A Note on Theology

As Christians, we are often known by our theology, at least to one another, often to the world. Are we fundamentalist, Calvinist, othodox, reform, liberal, progressive, etc.? And we often separate ourselves not only by theology, but by denomination and lineage. Two thousand years have exploded the movement created by Jesus into so many fragments. This is not to say that the early church was in any way united; we have certainly continued the trend started by the early members of the Jesus movement.

Eight years ago, I went to a day-long workshop on the practice of Lectio Divina at a church in the city I was living in. It was the workshop that cemented my love affair with that particular practice. It was at a church that was, by all measures that I could see, much more conservative theologically than I was. And I was prepared, internally, to have to deal with that theological distance. But it never came up, at all. We were all involved and enthralled by the practice, and the practice created a container that made our respective theologies irrelevant. At the end of the workshop we were united by the shared experience the practice provided.

That has been my experience in all situations in which the central focus of the gathering/retreat/workshop was contemplative practice. We were all people, striving for the quiet voice of God, and it didn’t matter what the particulars of our theology were. And that’s what I hope for my teaching.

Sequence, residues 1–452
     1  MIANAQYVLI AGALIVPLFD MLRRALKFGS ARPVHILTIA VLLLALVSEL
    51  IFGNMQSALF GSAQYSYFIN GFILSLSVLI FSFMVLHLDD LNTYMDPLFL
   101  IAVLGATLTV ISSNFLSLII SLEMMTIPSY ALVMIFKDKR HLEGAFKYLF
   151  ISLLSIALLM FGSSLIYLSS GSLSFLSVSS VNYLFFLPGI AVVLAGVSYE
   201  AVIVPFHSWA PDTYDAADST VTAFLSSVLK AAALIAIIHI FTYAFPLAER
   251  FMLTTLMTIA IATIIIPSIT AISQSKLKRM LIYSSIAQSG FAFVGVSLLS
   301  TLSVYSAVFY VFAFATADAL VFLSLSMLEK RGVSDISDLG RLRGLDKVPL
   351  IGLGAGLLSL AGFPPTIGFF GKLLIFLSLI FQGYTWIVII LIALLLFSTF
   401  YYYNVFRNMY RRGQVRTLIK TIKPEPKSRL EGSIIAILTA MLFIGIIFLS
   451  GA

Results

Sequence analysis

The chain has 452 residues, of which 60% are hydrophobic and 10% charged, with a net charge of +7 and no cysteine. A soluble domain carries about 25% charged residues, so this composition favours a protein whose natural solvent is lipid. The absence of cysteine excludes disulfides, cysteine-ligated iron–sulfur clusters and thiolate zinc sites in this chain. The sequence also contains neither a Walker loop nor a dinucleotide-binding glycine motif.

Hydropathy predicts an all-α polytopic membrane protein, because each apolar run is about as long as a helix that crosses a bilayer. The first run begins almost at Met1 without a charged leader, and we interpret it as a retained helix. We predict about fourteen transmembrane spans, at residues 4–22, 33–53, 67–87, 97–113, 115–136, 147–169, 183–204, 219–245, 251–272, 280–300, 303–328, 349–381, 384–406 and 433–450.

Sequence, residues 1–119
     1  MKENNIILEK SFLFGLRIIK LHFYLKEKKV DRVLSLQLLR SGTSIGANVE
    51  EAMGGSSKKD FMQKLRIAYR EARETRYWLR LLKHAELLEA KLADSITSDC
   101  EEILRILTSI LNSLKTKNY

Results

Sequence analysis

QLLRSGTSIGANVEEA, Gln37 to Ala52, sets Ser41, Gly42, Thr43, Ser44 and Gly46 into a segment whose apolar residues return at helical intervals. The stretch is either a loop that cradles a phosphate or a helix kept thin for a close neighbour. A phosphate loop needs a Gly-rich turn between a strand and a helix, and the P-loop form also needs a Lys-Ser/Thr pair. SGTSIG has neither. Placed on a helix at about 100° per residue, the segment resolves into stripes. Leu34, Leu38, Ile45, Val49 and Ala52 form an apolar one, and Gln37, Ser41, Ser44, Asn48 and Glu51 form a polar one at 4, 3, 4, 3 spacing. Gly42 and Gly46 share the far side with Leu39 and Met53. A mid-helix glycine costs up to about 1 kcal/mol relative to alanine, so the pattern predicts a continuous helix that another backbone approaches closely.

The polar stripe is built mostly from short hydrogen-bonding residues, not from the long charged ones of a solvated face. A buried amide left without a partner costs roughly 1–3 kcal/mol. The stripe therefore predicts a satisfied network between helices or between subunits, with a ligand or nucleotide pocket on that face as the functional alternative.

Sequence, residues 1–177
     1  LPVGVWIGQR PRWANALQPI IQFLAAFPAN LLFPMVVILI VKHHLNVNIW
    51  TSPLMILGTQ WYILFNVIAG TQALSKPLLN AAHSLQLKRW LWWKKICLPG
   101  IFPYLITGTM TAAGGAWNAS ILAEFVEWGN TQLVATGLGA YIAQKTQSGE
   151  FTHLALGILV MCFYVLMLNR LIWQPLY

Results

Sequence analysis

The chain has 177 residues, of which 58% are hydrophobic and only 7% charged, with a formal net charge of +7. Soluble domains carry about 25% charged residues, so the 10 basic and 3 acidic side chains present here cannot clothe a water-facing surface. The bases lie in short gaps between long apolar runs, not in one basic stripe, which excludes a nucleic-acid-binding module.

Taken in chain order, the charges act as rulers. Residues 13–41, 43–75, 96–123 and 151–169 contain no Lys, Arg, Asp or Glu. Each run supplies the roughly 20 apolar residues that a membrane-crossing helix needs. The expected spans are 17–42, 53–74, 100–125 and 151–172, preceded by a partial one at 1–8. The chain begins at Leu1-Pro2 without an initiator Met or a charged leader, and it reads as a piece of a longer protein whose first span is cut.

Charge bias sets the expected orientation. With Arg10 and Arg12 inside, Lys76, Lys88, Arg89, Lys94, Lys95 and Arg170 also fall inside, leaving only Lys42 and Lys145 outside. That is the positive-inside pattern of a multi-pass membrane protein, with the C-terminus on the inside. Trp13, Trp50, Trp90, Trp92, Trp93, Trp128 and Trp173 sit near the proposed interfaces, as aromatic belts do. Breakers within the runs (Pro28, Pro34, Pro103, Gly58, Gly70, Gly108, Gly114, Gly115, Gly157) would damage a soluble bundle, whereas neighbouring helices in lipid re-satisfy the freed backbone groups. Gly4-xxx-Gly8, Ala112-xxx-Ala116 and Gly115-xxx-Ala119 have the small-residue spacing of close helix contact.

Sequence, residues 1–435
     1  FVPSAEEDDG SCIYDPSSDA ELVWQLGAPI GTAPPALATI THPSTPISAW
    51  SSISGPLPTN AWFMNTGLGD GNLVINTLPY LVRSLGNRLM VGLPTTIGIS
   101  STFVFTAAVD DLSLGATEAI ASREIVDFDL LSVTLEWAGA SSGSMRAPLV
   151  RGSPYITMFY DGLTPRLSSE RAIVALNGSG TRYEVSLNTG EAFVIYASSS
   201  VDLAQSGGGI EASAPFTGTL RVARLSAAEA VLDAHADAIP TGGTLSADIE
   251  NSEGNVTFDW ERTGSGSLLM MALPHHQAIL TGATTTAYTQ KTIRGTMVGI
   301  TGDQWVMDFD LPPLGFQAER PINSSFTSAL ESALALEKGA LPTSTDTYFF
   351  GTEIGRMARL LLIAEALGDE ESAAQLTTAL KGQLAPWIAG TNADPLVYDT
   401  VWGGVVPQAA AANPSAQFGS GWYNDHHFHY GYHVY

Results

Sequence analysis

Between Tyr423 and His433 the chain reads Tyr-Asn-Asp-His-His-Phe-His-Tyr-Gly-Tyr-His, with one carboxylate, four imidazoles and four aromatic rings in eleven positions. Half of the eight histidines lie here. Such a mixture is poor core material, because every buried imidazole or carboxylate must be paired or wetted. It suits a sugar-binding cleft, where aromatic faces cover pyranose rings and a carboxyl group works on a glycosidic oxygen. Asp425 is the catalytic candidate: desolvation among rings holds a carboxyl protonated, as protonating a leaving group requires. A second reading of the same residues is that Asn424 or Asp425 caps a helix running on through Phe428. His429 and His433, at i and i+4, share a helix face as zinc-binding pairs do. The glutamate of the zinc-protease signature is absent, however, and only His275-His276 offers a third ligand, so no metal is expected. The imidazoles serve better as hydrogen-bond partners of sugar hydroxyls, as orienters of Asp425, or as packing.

Here’s full disclosure: I am a panentheist, a follower of Jesus’ teaching and example, a universalist, and a fan of process theology. I also have had a long Buddhist practice. You’ll certainly see ripples of that in the blog entries, although I tend to veer away from concrete theological topics, because I want to focus on the contemplative practices and their effects and roles in our lives.

Whatever your theology – whether it be evangelical or fundamentalist, liberal, progressive, or not even Christian, I hope that you find tools and guidance that are helpful on your spiritual journey, and find others with a common goal, to cultivate stillness, compassion, and connection to the Divine, in every moment – to pray without ceasing, to learn to love extravagantly.